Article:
I found this book for £1. It is a bound version of the 1930s magazine 'The Wheatsheaf' "A co-operative magazine for the home" Here is an article about common myths in fairytales. Apparently Cinderella didn't wear glass slippers, but slippers of sable. This was a mis-translation from french to english. "Pantoufles en vair" is french for 'fur slipper's, however 'en verre' changes the meaning to 'glass,' hence how the mistake occured. Nor did puss have boots. And as for Dick Whittington's cat, who supposedly led him to his fortune, well there is more than one kind of cat, 'Achat' is an old term for trading, and it was almost certainly trading that led Dick Whittington to his fortune. Alternatively his 'cat could have stemmed from a certain type of ship used to ferry coal, which was known as a 'cat' The kind of cat to carry coal, rather than catch rats.

2Exchange.

Publication following a collaboration between MMU and GAFA.

The National Portrait Gallery: Beatles to Bowie

Some postcards from the exhibition.
The 60s exposed. exploring the leading pop music personalities who helped create 'Swinging London' in the 1960s. The Shadows, The John Barry Seven, Cliff richard, Adam Faith, Billy Fury, The Kinks ,The Who, The Rolling Stones, The Beatles, David Bowie.
Showcasing top photographers of the time: David Bailey, Gered Mankowitz, Robert Whitaker.
From pure pop, through psychedelia and the birth of progressive music, Beatles to Bowie explores the dramatic developments of pop music and culture, and their lasting impact that continues to live in the memory today.
I found the nostalgic nature of the photographs very beautiful and I enjoyed looking and admiring the earlier portraits of artists such as Cliff Richard and David Bowie, before they had grown into the infamous personas we know today.
I especially enjoyed the memorabilia, around the photograph, rather than the photographs themselves. Magazines, fanzines, record sleeves, collectables, merchandise etc. There appeared covers and articles from 'Fabulous' magazine, Sunday newspaper coverage. here is an interesting excerpt from one of them.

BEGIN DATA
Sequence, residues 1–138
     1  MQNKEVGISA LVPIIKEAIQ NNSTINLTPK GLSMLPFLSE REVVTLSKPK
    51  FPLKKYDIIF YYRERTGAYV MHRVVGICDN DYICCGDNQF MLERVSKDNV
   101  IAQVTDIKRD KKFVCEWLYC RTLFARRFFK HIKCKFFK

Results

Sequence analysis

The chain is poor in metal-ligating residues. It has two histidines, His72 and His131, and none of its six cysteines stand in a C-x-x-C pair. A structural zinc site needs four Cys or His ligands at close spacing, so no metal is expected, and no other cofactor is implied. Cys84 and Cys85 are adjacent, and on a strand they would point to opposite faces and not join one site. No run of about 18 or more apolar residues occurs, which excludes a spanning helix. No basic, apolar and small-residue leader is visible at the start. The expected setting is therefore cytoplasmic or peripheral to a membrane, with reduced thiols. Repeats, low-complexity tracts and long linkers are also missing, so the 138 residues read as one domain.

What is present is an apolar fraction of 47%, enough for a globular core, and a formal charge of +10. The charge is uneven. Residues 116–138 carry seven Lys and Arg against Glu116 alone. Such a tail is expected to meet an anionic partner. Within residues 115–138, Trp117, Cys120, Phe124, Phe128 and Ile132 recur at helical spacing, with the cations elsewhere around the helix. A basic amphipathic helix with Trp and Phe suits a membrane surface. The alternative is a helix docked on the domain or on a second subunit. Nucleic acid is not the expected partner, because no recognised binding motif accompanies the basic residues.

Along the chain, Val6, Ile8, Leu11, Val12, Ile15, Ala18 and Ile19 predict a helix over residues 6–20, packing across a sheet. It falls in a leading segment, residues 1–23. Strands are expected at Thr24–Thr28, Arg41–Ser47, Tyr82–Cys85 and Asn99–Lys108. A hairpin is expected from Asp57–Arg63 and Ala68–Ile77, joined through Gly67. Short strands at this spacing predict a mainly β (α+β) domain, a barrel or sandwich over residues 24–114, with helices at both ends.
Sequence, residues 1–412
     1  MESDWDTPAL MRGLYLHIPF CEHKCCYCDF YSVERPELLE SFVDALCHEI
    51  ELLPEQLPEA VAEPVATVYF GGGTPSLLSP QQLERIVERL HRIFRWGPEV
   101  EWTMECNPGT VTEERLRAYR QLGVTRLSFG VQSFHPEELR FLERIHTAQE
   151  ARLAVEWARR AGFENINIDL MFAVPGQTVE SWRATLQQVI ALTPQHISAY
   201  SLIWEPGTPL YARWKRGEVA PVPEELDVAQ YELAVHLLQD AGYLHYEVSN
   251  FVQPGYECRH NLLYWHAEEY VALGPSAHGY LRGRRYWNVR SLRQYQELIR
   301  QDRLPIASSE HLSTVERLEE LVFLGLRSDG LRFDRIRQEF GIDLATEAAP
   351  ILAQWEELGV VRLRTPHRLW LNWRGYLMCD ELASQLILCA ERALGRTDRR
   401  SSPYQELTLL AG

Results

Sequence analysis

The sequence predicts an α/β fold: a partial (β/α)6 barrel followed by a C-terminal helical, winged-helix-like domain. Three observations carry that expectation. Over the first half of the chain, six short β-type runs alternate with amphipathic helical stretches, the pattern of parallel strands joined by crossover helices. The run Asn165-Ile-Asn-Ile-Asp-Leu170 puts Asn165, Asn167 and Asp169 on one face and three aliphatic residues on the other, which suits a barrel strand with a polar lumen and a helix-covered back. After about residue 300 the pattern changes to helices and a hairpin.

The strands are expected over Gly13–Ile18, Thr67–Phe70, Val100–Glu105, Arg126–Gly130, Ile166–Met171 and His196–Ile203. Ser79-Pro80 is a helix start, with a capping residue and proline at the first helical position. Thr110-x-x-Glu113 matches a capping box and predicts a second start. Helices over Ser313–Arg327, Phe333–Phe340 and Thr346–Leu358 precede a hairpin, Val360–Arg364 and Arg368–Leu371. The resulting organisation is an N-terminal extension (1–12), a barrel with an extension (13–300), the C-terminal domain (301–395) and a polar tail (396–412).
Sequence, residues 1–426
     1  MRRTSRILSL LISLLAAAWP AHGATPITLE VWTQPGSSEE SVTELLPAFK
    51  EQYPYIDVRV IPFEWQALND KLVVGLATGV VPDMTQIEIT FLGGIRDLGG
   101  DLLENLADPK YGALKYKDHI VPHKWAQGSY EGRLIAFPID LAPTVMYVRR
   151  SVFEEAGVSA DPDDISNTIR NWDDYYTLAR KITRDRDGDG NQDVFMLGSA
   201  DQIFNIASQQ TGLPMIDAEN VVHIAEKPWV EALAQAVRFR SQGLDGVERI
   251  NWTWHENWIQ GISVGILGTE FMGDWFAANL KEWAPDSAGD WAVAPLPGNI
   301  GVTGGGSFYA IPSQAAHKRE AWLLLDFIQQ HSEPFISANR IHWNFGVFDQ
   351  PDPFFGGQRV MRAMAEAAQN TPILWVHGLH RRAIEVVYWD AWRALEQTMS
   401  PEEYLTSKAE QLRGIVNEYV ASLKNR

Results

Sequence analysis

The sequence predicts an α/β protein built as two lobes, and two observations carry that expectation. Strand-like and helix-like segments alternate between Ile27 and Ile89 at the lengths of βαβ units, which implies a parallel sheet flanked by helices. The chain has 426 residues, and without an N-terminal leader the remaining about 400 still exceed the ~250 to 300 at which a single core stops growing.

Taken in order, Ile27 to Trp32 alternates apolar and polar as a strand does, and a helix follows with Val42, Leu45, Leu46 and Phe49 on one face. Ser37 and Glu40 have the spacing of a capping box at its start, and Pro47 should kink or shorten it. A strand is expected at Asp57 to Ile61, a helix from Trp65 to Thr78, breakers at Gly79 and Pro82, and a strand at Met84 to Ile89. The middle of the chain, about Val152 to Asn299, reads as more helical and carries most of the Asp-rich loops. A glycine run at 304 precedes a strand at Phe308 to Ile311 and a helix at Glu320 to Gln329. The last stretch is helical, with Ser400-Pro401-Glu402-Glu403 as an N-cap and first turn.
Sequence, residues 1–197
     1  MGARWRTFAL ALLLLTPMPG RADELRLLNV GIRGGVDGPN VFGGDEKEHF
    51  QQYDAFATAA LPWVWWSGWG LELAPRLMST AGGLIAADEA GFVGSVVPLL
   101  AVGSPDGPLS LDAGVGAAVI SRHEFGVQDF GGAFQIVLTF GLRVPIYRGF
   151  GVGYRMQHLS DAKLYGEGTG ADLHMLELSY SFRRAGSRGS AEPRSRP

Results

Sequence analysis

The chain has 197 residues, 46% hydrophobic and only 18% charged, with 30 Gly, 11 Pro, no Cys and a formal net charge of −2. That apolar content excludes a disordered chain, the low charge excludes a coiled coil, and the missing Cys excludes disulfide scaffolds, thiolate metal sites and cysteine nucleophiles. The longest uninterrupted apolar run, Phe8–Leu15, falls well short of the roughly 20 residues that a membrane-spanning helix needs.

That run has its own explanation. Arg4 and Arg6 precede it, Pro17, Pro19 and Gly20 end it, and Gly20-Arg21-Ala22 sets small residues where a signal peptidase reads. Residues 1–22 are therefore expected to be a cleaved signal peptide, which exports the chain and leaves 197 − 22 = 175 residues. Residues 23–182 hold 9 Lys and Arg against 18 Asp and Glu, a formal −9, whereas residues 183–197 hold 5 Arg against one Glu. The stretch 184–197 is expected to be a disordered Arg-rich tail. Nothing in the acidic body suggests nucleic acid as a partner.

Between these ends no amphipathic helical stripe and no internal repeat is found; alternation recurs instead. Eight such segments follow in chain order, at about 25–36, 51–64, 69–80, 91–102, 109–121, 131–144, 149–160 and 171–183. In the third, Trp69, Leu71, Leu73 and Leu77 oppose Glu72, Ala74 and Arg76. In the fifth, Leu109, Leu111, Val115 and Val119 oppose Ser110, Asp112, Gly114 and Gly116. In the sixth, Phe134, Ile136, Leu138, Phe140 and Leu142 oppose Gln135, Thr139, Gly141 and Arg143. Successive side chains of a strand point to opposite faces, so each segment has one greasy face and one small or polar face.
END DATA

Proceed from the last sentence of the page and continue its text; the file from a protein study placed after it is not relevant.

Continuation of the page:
"I'm not a well adjusted person. I've spent too long philosophising. Sometimes I feel I was never a teenager just an old man. I've already had most of the experiences that I'm likely to go through in the next 4o years." -David Bowie.
Article from girls magazine:
"David left school at sixteen having passed his O-levels and 3 A-levels (keep going you lot) since David started composing he has penned between 60-70 numbers, he only thinks ten of them are any good. Modesty! He has also recorded a few himself ' The laughing Gnome' and 'Love you 'til Tuesday' But alas none have made a chart impression, Not that that worries him, he makes enough money by his song writing and admits that he hardly makes a thing by his voice (very honest is our David)"
I felt that these pieces of ephemera helped to place the exhibition in context, It is impossible to image a time when these names were not famous, but it is refreshing to see their road to success, and the hard work they had to put in to get where they are now. with so many overnight celebrities today, it is good to remember how hard it used to be to make it. Perhaps a reason why these have stood the test of time.

INC Talk.

The Train Standing At Platform Two.

The Aims.

  • To stimulate intrigue
  • To Show how graphic design can communicate a theory in a visually interesting way.
  • More, specifically to find visual clarity along the blurred line between ‘here’ and ‘there’

So how can we visually represent the impossibility of arriving ‘there’ – once you attempt to get ‘there’ it becomes ‘here’

From this we asked the question; If ‘here’ and ‘there’ are indeterminate states and it is impossible to define when ‘here’ becomes ‘there’ Can both states exist simultaneously?

These are visual representations of the two attempting to co-exist.

More detail about this project can be found here.